Even during Swami Prabhupada’s lifetime the state of commercial milk was much more pure. From the beginning of the movement he started in 1966, Swami Prabhupada encouraged his students to develop self-sufficient farms that could supply all their needs, completely independent of modern society, including commercial dairy. He wanted ISKCON to be a positive alternative to modern life. Devotees of Krishna were to be self-sufficient and this included acquiring milk from their own protected cows.
In the broadest use of the word, ahimsa refers to a lifestyle of peace, and is most popularly connected with Gandhi’s civil disobedience movement of the 1930s. However, in the modern context, ahimsa is typically tied exclusively to diet and has been popularized by Eastern spiritual movements like the Hare Krishnas (ISKCON). However, somewhat ironically, these same peace-loving Eastern spiritual groups have received criticism from the vegan community for their inconsistency to practice the path of ahimsa. Their use of commercial dairy and its ties to the exploitation of cows is a case in point.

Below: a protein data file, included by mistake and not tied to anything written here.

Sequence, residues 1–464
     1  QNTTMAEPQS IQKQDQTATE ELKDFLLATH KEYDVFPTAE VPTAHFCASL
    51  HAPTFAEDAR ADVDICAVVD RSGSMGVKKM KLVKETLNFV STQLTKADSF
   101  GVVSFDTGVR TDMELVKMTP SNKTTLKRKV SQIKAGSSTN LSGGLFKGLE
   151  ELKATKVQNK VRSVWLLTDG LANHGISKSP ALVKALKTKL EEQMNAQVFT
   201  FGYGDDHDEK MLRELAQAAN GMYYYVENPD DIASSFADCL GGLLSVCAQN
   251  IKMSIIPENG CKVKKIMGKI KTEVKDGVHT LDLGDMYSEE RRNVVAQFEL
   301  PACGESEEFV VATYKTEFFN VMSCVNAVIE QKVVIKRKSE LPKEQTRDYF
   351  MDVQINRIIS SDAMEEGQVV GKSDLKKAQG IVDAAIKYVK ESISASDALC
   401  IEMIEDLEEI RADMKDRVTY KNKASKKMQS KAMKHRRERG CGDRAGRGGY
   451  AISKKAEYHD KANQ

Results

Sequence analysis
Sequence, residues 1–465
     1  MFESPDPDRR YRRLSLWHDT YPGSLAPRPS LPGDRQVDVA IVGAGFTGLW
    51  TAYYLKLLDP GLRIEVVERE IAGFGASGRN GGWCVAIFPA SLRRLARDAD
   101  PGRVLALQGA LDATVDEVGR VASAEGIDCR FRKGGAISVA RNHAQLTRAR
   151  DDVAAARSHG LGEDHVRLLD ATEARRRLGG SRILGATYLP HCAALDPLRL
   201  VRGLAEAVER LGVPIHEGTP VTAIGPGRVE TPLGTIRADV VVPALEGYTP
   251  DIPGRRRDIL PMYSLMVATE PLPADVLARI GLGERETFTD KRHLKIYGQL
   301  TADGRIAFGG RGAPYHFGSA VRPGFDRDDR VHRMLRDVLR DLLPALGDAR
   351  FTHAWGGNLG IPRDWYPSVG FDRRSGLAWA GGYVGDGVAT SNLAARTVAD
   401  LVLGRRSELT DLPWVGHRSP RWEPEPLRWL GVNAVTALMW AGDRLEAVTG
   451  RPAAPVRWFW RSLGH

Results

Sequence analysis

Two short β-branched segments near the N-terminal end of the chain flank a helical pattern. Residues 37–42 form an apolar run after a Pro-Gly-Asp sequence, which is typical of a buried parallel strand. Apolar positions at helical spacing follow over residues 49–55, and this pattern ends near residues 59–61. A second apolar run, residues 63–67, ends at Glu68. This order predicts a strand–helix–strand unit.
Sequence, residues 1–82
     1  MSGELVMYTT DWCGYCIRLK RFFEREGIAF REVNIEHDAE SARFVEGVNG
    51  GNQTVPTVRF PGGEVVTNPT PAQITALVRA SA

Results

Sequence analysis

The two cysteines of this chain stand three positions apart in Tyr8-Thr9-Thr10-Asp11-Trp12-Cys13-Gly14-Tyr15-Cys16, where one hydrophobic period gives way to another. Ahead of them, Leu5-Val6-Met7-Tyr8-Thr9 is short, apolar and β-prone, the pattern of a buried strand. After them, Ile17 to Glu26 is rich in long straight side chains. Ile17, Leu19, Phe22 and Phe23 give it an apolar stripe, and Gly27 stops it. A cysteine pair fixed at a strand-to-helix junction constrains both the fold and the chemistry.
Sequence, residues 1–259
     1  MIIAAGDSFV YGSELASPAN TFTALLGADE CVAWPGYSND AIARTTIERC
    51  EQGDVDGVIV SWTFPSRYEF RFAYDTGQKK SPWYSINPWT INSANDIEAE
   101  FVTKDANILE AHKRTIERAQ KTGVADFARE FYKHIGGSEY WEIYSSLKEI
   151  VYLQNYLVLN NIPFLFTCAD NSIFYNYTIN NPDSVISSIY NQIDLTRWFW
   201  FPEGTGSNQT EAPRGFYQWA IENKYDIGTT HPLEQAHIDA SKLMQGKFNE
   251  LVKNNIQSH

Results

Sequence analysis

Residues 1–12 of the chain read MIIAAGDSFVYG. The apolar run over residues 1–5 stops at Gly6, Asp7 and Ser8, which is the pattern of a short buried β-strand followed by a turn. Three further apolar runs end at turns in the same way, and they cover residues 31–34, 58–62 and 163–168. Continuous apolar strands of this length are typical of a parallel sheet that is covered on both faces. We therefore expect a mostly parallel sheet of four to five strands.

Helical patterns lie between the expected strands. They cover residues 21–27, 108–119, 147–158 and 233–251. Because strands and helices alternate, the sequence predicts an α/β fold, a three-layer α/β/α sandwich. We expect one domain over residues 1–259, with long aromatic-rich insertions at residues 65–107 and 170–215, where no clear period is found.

Many members have addressed this issue to the ISKCON Governing Body Commission over years and they are now starting to listen. Last year, resolutions were passed by the European leadership to minimise the use of commercial dairy and for ISKCON temples to seek ahimsa dairy, per the order of the founder, Srila Prabhupada. The European leaders overwhelmingly voted to source better quality milk for their temples and not one vote was cast in favour of continuing the current status quo. Since the yoga path is all about connection with our higher self and God, it follows that a food yogi (which should naturally include all ISKCON members) should walk a path of ahimsa, by respecting all living beings and gearing all of their thoughts, words and deeds towards a peaceful outcome. The ahimsa path is much more than peaceful intention; it necessitates an awareness of the spiritual equality of all beings. This awareness naturally manifests in one’s choice of food and that obviously includes evaluating the quality of the dairy one may wish to consume. Quite simply, one is taken by force from an abused cow while the other is given with love by a protected cow.